3 Matching Annotations
  1. Apr 2019
    1. Unlike other theories of human development, TPD presents—and assists—the human being in the dynamic, arduous and often tragic process of becoming. It postulates that mental health is the capacity for personality development, which is understood as a conscious dismantling of our more or less primitively integrated (egocentric) individuality, and replacing it with a consciously chosen and created (altruistic) personality. That process, called positive disintegration, is rooted primarily in our emotional-motivational sphere, and guided by deeply felt and lived universal values embedded in our conscience. A recognition of an objectively existing hierarchy of universal human values is essential for development, although Dabrowski avoids specifying what that hierarchy looks like. Instead, he advocates studying the lives of moral exemplars to arrive at its understanding and empirical verification.
    1. Dąbrowski also described a group of people who display a different course: an individualized developmental pathway. These people break away from an automatic, rote, socialized view of life (which Dąbrowski called negative adjustment) and move into and through a series of personal disintegrations. Dąbrowski saw these disintegrations as a key element in the overall developmental process. Crises challenge our status quo and cause us to review our self, ideas, values, thoughts, ideals, etc. If development continues, one goes on to develop an individualized, conscious and critically evaluated hierarchical value structure (called positive adjustment). This hierarchy of values acts as a benchmark by which all things are now seen, and the higher values in our internal hierarchy come to direct our behavior (no longer based on external social mores). These higher, individual values characterize an eventual second integration reflecting individual autonomy and for Dąbrowski, mark the arrival of true human personality. At this level, each person develops his or her own vision of how life ought to be and lives it. This higher level is associated with strong individual approaches to problem solving and creativity. One's talents and creativity are applied in the service of these higher individual values and visions of how life could be—how the world ought to be. The person expresses his or her "new" autonomous personality energetically through action, art, social change and so on.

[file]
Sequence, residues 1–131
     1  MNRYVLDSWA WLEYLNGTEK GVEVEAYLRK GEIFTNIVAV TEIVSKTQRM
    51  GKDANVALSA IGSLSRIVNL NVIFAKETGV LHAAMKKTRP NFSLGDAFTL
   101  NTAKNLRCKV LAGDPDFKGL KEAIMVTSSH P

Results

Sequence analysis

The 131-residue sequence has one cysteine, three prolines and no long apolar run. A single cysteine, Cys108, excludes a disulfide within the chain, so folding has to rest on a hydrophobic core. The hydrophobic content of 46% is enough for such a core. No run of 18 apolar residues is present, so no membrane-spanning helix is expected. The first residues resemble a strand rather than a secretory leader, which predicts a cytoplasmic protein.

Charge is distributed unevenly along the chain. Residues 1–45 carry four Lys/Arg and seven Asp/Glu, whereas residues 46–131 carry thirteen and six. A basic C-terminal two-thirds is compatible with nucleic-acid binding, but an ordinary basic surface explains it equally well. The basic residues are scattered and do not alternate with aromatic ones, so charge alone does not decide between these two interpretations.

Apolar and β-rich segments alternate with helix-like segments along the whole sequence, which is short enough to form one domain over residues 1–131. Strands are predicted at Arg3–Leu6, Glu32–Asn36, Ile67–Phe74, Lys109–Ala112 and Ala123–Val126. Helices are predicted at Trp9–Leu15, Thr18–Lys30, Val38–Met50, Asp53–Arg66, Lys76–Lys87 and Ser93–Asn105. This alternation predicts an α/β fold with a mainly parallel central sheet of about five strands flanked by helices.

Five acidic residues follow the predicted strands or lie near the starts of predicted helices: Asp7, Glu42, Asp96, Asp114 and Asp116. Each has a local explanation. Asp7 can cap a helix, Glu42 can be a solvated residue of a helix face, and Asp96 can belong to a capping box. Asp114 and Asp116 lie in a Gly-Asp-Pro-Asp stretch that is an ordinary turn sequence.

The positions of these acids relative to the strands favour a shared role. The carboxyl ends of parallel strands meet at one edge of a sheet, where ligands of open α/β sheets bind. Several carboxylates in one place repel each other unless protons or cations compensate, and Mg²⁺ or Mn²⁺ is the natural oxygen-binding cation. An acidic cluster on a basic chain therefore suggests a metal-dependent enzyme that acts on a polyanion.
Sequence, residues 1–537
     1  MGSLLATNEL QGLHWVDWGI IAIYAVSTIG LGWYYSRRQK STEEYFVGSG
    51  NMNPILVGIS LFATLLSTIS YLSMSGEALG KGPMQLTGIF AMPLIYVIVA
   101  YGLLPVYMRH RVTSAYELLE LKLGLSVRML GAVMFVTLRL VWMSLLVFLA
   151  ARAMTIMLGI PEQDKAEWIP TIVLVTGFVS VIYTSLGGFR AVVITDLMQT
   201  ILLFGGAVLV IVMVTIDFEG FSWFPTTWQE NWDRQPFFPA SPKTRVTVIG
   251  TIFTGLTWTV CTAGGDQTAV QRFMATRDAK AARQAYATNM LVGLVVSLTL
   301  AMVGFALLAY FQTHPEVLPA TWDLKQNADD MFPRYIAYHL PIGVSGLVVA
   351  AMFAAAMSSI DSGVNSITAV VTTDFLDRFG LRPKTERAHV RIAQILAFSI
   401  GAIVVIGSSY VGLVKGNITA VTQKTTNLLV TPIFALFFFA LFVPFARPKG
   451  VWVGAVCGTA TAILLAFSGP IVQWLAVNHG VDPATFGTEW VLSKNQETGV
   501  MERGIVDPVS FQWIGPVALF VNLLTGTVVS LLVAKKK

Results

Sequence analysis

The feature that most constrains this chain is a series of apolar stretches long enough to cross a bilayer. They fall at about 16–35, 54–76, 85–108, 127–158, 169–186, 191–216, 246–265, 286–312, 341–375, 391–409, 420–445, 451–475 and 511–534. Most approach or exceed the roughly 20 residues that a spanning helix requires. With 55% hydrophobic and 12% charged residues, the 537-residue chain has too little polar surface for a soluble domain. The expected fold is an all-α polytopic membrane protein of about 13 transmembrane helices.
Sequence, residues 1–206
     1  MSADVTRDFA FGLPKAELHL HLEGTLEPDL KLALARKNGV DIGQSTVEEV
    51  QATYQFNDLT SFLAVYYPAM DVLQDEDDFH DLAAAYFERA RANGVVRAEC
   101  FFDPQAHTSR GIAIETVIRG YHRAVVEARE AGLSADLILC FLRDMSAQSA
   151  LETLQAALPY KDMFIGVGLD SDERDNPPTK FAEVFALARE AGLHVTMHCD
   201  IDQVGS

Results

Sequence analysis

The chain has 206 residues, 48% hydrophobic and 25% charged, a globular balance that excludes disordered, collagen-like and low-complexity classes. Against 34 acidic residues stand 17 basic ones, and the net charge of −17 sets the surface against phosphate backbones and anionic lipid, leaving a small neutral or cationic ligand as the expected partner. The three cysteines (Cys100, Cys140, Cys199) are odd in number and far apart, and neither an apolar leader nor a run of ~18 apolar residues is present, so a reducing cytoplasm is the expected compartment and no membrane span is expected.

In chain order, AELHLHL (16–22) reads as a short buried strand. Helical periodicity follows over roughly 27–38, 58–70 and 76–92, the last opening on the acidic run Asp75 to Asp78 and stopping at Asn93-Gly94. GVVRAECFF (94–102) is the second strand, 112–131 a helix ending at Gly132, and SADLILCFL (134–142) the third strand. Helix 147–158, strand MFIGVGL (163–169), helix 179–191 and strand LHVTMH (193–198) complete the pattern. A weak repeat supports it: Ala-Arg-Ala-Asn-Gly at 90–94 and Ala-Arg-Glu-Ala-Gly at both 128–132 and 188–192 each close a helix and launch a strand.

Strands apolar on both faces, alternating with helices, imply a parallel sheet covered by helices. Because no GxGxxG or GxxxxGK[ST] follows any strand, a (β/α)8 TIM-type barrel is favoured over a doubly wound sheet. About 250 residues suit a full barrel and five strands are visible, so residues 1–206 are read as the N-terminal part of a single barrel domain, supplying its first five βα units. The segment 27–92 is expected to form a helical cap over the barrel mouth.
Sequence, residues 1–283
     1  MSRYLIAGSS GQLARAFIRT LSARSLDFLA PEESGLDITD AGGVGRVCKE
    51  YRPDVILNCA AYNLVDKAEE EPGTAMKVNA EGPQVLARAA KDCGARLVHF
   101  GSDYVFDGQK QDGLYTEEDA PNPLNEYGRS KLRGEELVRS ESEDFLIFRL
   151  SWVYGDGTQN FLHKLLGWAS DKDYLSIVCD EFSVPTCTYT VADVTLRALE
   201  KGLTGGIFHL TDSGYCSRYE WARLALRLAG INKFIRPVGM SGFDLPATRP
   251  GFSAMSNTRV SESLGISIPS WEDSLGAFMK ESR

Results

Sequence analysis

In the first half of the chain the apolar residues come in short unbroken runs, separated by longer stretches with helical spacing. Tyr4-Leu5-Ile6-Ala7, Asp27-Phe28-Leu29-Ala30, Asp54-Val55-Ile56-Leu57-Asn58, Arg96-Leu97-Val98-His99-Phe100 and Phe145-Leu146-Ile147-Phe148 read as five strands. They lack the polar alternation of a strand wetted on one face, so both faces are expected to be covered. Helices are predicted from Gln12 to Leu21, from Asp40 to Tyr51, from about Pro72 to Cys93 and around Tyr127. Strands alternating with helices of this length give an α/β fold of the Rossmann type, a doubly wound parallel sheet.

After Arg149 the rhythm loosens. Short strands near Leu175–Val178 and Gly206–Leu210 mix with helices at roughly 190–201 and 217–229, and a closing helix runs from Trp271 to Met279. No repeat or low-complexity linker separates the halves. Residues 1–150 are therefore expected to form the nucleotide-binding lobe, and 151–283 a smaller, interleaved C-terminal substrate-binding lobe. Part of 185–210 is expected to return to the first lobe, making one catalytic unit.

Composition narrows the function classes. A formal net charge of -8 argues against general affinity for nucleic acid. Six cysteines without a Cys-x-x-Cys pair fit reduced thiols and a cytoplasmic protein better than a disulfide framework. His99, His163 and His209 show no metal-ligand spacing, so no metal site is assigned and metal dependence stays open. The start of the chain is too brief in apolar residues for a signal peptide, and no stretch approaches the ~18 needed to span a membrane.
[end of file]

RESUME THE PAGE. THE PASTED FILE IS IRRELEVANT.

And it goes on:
2. Dąbrowski felt that our society was largely influenced by these lower two factors and could be characterized as operating at Level I. For example, our emphasis on corporate success ("a dog eat dog mentality") means that many CEOs operate on the basis of first factor—they will quickly sacrifice another to enhance their own advancement. As well, our educational, political, corporate, and media systems are self-promoting and discourage real examination or individual autonomy—the second factor. Alternatively, social justifications are often used: "of course I break the speed limit, everyone does." Or a soldier may explain that he or she was simply "following orders". Thus, this external value system absolves the individual of any individual responsibility.